Once I have that in place, I can start implementing interesting things like 2D and 3D graphics display that can be driven from a desktop application or anywhere else I choose.

So here goes, assuming you have Node.js and npm already installed:


My sample is live at the automatically generated URL

That took about ten minutes.

The initial Heroku getting started app uses express and just says 'Hello World!'

var express = require('express');
var app = express();

app.set('port', (process.env.PORT || 5000));
app.use(express.static(__dirname + '/public'));

app.get('/', function(request, response) {
  response.send('Hello World!');

app.listen(app.get('port'), function() {
  console.log("Node app is running at localhost:" + app.get('port'));

I replaced it by my own server code and added the dict_to_string JavaScript function to display the query string arguments:

function pluralSuffix( n ) {
  return 1 == n ? '' : 's';

function dotOrColon( n ) {
  return 0 == n ? '.' : ':';

// format dictionary values to a string

function dict_to_string(dict) {
  var keys = Object.keys(dict);
  var n = keys.length;
  var s = [];

  s.push( n.toString() + ' key-value pair'
         + pluralSuffix( n ) + dotOrColon( n ) );

  for( var i = 0; i < n; ++i ) {
    s.push( '  ' + keys[i] + ' = ' + dict[keys[i]] );
  return s.join('\n');

http = require('http'),
url = require('url'),
server = http.createServer(
    var paramdict = url.parse(request.url,true).query;
    response.writeHead(200, {'Content-Type': 'text/plain'});
server.listen(1337, '');
console.log('Server running at');

I cannot simply use the command line git push to update it on GitHub, though.

An attempt to do so causes an error:

remote: Permission to heroku/node-js-getting-started.git denied to jeremytammik.
fatal: unable to access '': The requested URL returned error: 403

Using git push heroku master does the trick.

Well, actually not quite. An application error occurred. Good thing I still have the getting started guide open and can view my logs.

In the log file, I see the error 'Error R10 (Boot timeout) -> Web process failed to bind to $PORT within 60 seconds of launch'.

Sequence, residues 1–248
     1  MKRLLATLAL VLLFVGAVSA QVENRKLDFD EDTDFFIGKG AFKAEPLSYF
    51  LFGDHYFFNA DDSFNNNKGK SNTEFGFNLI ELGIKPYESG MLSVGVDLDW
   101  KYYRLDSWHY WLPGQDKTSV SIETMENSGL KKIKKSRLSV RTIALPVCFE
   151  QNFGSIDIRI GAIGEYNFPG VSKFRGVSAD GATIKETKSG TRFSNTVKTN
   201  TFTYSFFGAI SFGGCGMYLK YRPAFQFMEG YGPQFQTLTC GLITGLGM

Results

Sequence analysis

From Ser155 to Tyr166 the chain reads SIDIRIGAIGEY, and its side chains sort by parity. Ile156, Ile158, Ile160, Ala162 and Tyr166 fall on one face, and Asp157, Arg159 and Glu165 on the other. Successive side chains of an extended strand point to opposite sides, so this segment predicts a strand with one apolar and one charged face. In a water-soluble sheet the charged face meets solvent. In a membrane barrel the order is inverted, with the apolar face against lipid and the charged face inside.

That makes total sense, since I can see that the express version of the server calls app.set('port', (process.env.PORT || 5000));, whereas my non-express version does not.

Meseems the simplest solution will be to graft my dict_to_string into the original Heroku express node server sample.

The server implementation now looks like this, plus the unchanged dict_to_string definition, of course:

var express = require('express');
var url = require('url');

var app = express();

app.set('port', (process.env.PORT || 5000));
app.use(express.static(__dirname + '/public'));

app.get('/', function(request, response) {
  var paramdict = url.parse(request.url,true).query;

app.listen(app.get('port'), function() {
  console.log("Node app is running at localhost:" + app.get('port'));

Lo and behold, it works!

Node server on Heroku

Here is the entire server script index.js renamed to node_index_query_string.js.

Testing a Node Server Running Live on the Web Live on this Page

Now it is globally accessible, we can test it right here from this page.

First, I'll implement a couple of minimal JavaScript functions to clean up your input for you and massage it into a valid query string to append to the Heroku server URL:

function cleanup_key_or_value(s) {
  return s

function cleanup_key_value_pair(pair) {
  kv = pair.split('=').map(cleanup_key_or_value);
  return kv.join('=')

function make_query_string(s) {
  pairs = s.split(',').map(cleanup_key_value_pair);
  return pairs.join('&');

function submit_form(s)
  base_url = '';
  query_string = make_query_string( s ); + '?' + query_string,

Now, the following form just has to call submit_form(this.form.input.value) when the button is clicked:

Input a couple of comma-separated key=value pairs, e.g.:

See? It really does work.